Many surveys contain questions of the following type:
How did you find out about MAXQDA? (Multiple answers possible)
▢ Web search
Usually, a separate variable is created for each answer option, that is, in this example there are four variables, each indicating whether the respondent has ticked the answer option or not. The individual variables can be evaluated using the Stats function Descriptive Statistics > Frequencies, but it is usually better to analyze the questions as a whole and display them in a diagram.
To do this, you must first “tell” MAXQDA Stats which answers belong together by defining multiple response sets.
Defining Multiple Response Sets
- Call Descriptive Statistics > Define Multiple Response Sets.
- Click the icon with the green plus sign to create a new set.
- Assign a name for the set in the "Multiple response set" column.
- Drag all the variables belonging to the set into the row with the mouse.
- At the bottom, enter the value that should be counted for each variable, i.e. the value that indicates whether a check mark has been set for a question. In most cases, this is the value “1”, “True”, or “Yes”. Please note that the value applies to all created sets.
If you are working with data from a MAXQDA project, the sets will be saved in the project and you can also create a set that consists of codes rather than variables (variables and codes cannot be mixed).
If you work with external data, for example, from SPSS, you can also create multiple response sets, but these are not saved and are only available while the file is open.
Create Frequency Tables
Once you have created a multiple response set, you can request a frequency analysis for them via Descriptive Statistics > Frequencies. In the options dialog, the sets are available on a separate tab and can be selected for analysis:
The Exclude cases listwise option ensures that only cases are analyzed that have a valid value for all analyzed variables (from all selected sets).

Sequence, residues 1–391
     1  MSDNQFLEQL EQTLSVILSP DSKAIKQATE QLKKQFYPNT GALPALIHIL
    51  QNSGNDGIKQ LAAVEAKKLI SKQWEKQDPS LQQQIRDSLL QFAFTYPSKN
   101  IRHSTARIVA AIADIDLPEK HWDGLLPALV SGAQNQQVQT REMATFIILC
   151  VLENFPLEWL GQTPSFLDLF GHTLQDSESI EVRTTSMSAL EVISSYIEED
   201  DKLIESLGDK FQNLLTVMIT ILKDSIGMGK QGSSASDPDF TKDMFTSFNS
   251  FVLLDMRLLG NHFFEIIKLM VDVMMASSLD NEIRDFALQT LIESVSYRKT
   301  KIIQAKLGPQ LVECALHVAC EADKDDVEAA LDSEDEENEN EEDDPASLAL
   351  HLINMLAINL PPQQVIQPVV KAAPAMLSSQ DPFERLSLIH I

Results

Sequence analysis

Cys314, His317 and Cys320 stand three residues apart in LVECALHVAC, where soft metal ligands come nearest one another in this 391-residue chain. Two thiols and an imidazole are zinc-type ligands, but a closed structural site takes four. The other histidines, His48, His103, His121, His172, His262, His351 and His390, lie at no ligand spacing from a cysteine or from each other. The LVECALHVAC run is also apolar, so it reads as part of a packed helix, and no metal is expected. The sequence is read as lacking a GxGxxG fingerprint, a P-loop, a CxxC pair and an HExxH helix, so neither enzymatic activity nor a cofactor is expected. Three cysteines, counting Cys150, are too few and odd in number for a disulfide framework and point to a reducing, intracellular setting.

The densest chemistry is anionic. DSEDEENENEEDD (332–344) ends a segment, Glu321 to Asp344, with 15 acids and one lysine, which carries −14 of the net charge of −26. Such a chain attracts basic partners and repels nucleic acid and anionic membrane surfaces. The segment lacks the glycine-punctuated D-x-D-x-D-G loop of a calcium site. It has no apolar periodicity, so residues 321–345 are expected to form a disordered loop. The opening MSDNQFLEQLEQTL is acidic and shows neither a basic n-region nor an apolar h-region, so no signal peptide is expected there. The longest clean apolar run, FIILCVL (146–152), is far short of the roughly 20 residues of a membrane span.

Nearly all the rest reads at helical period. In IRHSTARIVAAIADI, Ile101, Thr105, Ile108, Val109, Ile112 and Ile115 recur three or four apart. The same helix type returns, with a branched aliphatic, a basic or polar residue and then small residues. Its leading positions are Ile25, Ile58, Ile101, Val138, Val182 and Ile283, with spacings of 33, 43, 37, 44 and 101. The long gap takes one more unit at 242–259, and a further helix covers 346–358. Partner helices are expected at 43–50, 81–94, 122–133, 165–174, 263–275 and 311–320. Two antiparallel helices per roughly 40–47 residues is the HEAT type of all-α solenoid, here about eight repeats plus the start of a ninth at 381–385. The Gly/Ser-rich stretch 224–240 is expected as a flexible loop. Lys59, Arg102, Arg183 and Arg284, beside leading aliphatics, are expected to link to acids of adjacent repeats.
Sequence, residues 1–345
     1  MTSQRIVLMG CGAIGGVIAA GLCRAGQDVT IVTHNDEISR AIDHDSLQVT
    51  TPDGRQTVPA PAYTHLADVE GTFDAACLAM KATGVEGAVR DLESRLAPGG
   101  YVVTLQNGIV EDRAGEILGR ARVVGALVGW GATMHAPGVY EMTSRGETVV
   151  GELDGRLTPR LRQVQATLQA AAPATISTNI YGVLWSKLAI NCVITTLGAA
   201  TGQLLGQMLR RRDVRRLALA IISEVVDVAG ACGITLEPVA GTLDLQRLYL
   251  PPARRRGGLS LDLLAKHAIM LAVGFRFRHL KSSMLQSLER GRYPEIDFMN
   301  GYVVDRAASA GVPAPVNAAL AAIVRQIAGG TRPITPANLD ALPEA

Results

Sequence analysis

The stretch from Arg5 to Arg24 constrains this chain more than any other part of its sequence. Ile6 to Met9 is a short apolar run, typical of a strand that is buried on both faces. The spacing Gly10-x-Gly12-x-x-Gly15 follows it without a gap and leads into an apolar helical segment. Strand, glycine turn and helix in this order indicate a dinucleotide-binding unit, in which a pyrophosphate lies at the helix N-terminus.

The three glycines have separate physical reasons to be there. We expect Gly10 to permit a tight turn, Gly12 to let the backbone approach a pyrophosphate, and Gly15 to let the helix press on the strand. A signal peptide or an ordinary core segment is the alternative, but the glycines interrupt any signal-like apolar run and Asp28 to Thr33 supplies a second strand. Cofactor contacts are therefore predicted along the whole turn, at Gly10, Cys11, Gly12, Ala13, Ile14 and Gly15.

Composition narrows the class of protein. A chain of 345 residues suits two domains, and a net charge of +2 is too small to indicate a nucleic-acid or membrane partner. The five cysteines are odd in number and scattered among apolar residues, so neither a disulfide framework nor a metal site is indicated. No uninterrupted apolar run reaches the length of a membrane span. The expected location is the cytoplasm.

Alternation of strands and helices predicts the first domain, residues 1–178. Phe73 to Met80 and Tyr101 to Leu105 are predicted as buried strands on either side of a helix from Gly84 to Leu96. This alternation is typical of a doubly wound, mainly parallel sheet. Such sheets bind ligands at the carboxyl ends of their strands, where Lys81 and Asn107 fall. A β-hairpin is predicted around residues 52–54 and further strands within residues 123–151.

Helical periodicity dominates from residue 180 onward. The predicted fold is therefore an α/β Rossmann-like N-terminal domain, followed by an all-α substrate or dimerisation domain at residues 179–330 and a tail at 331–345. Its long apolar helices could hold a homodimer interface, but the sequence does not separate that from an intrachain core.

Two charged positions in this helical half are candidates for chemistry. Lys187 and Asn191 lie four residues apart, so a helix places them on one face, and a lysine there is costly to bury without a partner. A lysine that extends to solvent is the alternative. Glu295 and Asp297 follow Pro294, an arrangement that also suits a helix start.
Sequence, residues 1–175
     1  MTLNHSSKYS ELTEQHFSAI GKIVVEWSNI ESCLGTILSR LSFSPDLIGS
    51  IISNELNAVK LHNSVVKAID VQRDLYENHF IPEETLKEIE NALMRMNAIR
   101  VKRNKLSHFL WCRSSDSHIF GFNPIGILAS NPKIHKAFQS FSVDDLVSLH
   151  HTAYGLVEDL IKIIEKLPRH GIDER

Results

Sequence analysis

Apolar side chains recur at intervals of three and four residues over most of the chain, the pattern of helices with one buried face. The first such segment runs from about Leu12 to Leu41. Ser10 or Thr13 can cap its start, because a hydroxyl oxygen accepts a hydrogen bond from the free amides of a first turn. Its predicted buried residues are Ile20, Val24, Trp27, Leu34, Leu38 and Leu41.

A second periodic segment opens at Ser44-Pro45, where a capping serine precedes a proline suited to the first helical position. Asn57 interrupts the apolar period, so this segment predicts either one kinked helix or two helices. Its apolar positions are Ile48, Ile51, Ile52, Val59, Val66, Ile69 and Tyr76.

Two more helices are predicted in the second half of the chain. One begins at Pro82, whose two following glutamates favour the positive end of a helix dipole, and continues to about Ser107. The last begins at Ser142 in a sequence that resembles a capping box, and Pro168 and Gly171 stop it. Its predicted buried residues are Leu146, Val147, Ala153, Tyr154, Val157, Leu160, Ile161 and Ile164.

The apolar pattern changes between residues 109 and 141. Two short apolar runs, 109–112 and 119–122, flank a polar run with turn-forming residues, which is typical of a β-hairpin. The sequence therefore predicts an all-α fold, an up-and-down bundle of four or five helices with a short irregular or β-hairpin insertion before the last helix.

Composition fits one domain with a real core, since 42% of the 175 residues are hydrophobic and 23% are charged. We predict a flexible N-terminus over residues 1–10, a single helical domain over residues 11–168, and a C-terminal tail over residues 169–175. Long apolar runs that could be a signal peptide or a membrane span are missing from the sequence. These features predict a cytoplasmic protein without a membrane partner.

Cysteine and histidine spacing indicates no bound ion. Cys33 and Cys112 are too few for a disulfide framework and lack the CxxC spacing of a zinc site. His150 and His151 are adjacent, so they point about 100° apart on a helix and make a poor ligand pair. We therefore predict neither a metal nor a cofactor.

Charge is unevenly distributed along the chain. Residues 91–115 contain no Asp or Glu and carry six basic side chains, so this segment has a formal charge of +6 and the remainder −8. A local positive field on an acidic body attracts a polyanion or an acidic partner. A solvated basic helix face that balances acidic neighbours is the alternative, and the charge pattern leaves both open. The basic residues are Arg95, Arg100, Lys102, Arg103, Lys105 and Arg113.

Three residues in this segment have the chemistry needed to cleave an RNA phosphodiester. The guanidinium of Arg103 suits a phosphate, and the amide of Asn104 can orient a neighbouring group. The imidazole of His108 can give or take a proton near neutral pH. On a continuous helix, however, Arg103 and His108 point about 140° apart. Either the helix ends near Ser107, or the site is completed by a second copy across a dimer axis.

The results table has the following structure:
Three numbers are presented for each answer (that is, each variable in the set):
- Frequency – How many times the answer was selected (number of counted value in variable).
- Percent Responses – Frequency relative to all analyzed responses
- Percent Cases – Frequency relative to cases
As in frequency tables for single variables or codes, several rows with responses can be selected and combined by right-clicking; the filter function for the Data Editor and saving the documents as a document set are also available by right-clicking (see sections “Combining values” and “Saving documents as a document set” in the chapter Frequency Tables).
However, individual rows cannot be deleted.
By clicking on the diagram symbol, the answers can be displayed as a horizontal or vertical bar chart. The percentages of the cases are visualized.
Once you have created multiple response sets, you can request a breakdown by variable or code for them via Compare Groups > Crosstabs. In the options dialog, the sets are available on their own tab and can be selected for display in the rows.
The crosstab looks like this:
In the two drop-down menus, you can select which values to show in the table.
For the grouped bar chart, which can be called up by switching to the chart view, the “Column percentages (cases)” are used.
Find out more about working with crosstabs.